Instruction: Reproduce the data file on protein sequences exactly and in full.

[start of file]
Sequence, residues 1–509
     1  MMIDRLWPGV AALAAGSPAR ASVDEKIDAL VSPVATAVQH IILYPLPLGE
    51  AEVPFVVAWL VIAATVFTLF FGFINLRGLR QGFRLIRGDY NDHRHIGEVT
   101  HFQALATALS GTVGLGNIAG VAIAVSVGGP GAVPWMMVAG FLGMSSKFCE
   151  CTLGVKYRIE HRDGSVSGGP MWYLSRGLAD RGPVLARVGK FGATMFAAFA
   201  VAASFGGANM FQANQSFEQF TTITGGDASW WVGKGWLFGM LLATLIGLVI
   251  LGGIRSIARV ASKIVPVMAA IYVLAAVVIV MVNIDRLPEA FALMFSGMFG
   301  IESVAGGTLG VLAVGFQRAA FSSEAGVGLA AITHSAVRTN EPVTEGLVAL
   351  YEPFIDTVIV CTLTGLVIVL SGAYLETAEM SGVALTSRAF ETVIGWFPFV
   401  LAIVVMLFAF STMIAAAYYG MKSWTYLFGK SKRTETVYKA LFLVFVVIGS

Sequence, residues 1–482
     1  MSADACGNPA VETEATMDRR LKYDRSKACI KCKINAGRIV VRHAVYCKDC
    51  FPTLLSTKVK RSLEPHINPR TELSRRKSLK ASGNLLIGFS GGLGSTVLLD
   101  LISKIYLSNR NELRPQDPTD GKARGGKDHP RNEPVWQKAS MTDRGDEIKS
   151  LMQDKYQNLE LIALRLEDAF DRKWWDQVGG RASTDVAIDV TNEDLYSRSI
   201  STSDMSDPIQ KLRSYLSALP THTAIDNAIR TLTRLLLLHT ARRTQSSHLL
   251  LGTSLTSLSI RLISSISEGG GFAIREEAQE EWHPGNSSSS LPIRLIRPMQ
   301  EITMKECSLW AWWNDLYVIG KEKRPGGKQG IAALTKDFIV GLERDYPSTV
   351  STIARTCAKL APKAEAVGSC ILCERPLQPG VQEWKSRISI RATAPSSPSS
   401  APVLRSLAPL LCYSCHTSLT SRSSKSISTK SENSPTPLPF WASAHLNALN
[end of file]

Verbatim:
Sequence, residues 1–509
     1  MMIDRLWPGV AALAAGSPAR ASVDEKIDAL VSPVATAVQH IILYPLPLGE
    51  AEVPFVVAWL VIAATVFTLF FGFINLRGLR QGFRLIRGDY NDHRHIGEVT
   101  HFQALATALS GTVGLGNIAG VAIAVSVGGP GAVPWMMVAG FLGMSSKFCE
   151  CTLGVKYRIE HRDGSVSGGP MWYLSRGLAD RGPVLARVGK FGATMFAAFA
   201  VAASFGGANM FQANQSFEQF TTITGGDASW WVGKGWLFGM LLATLIGLVI
   251  LGGIRSIARV ASKIVPVMAA IYVLAAVVIV MVNIDRLPEA FALMFSGMFG
   301  IESVAGGTLG VLAVGFQRAA FSSEAGVGLA AITHSAVRTN EPVTEGLVAL
   351  YEPFIDTVIV CTLTGLVIVL SGAYLETAEM SGVALTSRAF ETVIGWFPFV
   401  LAIVVMLFAF STMIAAAYYG MKSWTYLFGK SKRTETVYKA LFLVFVVIGS

Sequence, residues 1–482
     1  MSADACGNPA VETEATMDRR LKYDRSKACI KCKINAGRIV VRHAVYCKDC
    51  FPTLLSTKVK RSLEPHINPR TELSRRKSLK ASGNLLIGFS GGLGSTVLLD
   101  LISKIYLSNR NELRPQDPTD GKARGGKDHP RNEPVWQKAS MTDRGDEIKS
   151  LMQDKYQNLE LIALRLEDAF DRKWWDQVGG RASTDVAIDV TNEDLYSRSI
   201  STSDMSDPIQ KLRSYLSALP THTAIDNAIR TLTRLLLLHT ARRTQSSHLL
   251  LGTSLTSLSI RLISSISEGG GFAIREEAQE EWHPGNSSSS LPIRLIRPMQ
   301  EITMKECSLW AWWNDLYVIG KEKRPGGKQG IAALTKDFIV GLERDYPSTV
   351  STIARTCAKL APKAEAVGSC ILCERPLQPG VQEWKSRISI RATAPSSPSS
   401  APVLRSLAPL LCYSCHTSLT SRSSKSISTK SENSPTPLPF WASAHLNALN